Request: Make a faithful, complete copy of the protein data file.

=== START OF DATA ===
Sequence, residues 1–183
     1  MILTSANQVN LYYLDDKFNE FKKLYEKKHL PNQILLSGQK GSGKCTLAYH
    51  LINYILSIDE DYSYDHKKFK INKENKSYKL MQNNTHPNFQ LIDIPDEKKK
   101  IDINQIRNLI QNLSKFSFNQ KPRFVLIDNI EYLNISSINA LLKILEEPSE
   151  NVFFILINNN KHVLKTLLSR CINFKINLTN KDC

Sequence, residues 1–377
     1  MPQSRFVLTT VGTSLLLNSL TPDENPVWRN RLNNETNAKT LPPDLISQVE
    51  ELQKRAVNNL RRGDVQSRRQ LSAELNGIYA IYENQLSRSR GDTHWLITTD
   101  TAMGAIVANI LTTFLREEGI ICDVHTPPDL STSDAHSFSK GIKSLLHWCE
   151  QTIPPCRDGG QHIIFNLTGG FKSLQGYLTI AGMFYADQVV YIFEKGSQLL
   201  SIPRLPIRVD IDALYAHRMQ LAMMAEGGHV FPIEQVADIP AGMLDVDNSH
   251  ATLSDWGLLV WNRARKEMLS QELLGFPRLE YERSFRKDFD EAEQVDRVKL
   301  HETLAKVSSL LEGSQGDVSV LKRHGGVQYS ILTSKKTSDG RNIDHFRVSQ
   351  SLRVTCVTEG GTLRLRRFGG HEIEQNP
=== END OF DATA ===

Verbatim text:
Sequence, residues 1–183
     1  MILTSANQVN LYYLDDKFNE FKKLYEKKHL PNQILLSGQK GSGKCTLAYH
    51  LINYILSIDE DYSYDHKKFK INKENKSYKL MQNNTHPNFQ LIDIPDEKKK
   101  IDINQIRNLI QNLSKFSFNQ KPRFVLIDNI EYLNISSINA LLKILEEPSE
   151  NVFFILINNN KHVLKTLLSR CINFKINLTN KDC

Sequence, residues 1–377
     1  MPQSRFVLTT VGTSLLLNSL TPDENPVWRN RLNNETNAKT LPPDLISQVE
    51  ELQKRAVNNL RRGDVQSRRQ LSAELNGIYA IYENQLSRSR GDTHWLITTD
   101  TAMGAIVANI LTTFLREEGI ICDVHTPPDL STSDAHSFSK GIKSLLHWCE
   151  QTIPPCRDGG QHIIFNLTGG FKSLQGYLTI AGMFYADQVV YIFEKGSQLL
   201  SIPRLPIRVD IDALYAHRMQ LAMMAEGGHV FPIEQVADIP AGMLDVDNSH
   251  ATLSDWGLLV WNRARKEMLS QELLGFPRLE YERSFRKDFD EAEQVDRVKL
   301  HETLAKVSSL LEGSQGDVSV LKRHGGVQYS ILTSKKTSDG RNIDHFRVSQ
   351  SLRVTCVTEG GTLRLRRFGG HEIEQNP